If Paul’s main point is that women need to veil (and his audience already agrees on the hair issue), here is his argument outline for the whole passage:
Premise A. (common ground). There is a chain of authority in creation.
Premise B. (initially disputed by the Corinthians). That authority structure is honored by women’s head coverings, but not men’s.
Sub-Premise B1. (common ground). Short-haired women and bald women are shameful.
Sub-Premise B2. (new idea, probably not disputed). Hair is similar to head coverings.
Sub-Conclusion. If women shouldn’t forgo their hair, they shouldn’t forgo their head coverings. (Premise B is now proven)
Conclusion. Ergo, women should wear head coverings to honor the authority chain in creation.
Paul then reiterates and rewords these arguments in 7-12 (with the bonus evidence that “angels” benefit from this head covering in some way).
In verses 13-16, he unpacks a similar argument.
Premise C. (common ground). “Nature” teaches you that men should have short hair and women long.
Premise D. (previously introduced, implied) Long hair is similar to head coverings.
Premise E. (common ground, implied) We ought to do what is natural.
Conclusion. (asked rhetorically in 13). Ergo, it is improper for a woman to forgo a head covering.
If Paul’s main point is not about veils at all, but rather merely that women need long hair (and his audience thus does not already agree that women need long hair), here is his argument outline:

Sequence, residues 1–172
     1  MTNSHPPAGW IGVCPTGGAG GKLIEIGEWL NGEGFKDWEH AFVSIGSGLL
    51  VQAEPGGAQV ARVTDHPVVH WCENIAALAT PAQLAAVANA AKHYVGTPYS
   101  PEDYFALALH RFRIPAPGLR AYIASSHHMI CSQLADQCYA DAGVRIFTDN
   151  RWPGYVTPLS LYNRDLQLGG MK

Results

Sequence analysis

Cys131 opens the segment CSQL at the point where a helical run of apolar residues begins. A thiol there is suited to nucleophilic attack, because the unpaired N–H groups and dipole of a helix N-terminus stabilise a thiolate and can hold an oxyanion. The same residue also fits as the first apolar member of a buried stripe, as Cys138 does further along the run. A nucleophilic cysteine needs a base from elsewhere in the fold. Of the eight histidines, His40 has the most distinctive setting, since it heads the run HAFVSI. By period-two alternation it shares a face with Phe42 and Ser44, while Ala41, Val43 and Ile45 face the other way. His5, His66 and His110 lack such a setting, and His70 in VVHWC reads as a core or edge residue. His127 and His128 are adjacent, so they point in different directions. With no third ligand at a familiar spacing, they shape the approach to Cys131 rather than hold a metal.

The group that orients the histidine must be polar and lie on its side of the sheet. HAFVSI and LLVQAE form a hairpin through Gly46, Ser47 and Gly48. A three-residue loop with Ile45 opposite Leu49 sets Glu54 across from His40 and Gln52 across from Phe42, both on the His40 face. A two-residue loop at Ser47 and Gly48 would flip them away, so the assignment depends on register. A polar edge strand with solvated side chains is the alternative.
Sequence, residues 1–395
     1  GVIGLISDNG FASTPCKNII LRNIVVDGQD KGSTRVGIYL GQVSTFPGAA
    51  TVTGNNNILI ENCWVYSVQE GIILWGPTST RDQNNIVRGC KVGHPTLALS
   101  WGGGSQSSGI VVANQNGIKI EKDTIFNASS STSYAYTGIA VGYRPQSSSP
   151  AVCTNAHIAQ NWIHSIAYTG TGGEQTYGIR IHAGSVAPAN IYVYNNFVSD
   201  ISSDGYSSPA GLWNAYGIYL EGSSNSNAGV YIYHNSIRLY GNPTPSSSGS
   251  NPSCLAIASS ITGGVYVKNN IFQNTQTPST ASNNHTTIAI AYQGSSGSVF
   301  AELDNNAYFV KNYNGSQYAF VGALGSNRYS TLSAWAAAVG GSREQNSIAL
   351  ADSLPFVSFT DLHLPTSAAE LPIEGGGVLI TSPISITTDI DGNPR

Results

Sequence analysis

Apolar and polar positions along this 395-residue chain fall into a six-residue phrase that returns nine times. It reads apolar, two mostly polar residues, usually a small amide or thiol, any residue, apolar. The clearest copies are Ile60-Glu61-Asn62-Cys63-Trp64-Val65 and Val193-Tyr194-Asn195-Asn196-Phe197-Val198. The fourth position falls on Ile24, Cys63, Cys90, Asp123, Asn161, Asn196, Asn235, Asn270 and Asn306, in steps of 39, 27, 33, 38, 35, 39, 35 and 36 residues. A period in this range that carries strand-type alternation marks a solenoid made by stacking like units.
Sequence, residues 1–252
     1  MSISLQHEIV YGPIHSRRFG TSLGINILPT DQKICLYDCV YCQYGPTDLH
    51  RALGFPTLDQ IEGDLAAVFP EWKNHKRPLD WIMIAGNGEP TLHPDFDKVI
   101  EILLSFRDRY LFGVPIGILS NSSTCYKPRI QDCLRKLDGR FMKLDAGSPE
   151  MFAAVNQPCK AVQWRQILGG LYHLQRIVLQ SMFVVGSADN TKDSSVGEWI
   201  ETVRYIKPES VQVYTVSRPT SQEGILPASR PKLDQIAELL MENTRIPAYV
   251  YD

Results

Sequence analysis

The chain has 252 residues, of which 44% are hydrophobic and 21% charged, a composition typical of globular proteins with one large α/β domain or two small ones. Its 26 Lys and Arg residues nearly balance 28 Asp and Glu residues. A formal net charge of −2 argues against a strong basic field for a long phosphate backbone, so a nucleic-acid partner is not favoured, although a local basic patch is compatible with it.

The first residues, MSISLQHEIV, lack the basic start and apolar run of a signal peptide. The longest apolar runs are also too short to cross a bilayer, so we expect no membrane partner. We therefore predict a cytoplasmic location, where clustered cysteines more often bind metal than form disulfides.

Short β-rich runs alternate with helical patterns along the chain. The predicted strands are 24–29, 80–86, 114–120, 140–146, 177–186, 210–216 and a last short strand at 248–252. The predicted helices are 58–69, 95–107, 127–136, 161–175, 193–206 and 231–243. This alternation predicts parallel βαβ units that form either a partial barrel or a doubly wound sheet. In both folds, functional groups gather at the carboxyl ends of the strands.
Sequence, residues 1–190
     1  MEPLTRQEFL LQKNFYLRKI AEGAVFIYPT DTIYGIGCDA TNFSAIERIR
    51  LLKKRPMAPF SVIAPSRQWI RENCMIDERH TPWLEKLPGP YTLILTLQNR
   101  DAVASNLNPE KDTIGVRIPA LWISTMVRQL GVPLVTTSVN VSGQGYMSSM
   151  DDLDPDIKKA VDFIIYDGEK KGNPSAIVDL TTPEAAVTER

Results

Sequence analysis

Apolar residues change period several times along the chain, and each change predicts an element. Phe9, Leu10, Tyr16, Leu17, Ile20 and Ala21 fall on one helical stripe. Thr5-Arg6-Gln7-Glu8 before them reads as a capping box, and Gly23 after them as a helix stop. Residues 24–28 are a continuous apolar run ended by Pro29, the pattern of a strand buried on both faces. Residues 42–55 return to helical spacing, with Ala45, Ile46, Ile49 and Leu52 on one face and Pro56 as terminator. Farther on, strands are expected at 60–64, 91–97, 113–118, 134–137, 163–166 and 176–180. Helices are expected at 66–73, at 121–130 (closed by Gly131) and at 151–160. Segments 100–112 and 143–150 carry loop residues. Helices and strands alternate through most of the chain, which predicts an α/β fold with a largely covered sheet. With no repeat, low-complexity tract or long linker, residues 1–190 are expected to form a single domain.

Premise A. (common ground). There is a chain of authority in creation.
Premise B. (disputed by the Corinthians). That authority structure is honored by women’s long hair, but not men’s.
Sub-Premise B1. (disputed by the Corinthians). Short-haired women and bald women are shameful.
Circular Conclusion. Since short hair on women is bad, not having long hair is bad.
Conclusion. Since premise B is still disputed, Paul proves nothing with his argument, but merely asserts that women should have long hair to honor the authority chain in creation.
Paul then repeats and applies the conclusion which he has made no real effort to prove (with the bonus evidence that angels approve of this long hair in some way).
In verses 13-16, he reiterates the dispute:
Premise C. (disputed by the Corinthians). “Nature” teaches you that men should have short hair and women long.
Premise E. (common ground, implied) We ought to do what is natural.
Conclusion. (disputed by the Corinthians). Ergo, it is improper for a woman to not have long hair.
By comparing these two lines of logic, one looks like a case that builds from common ground about hair, angels, and the order of creation to reach a conclusion. The other looks like a rambling circular assertion of the point to be proved (that long hair is good) with the thing to be proved used as the primary evidence of itself. To be fair, Paul had the apostolic authority to assert something without proving it, however, that doesn’t explain why he would go through the effort to build a logical argument that was so unconvincing.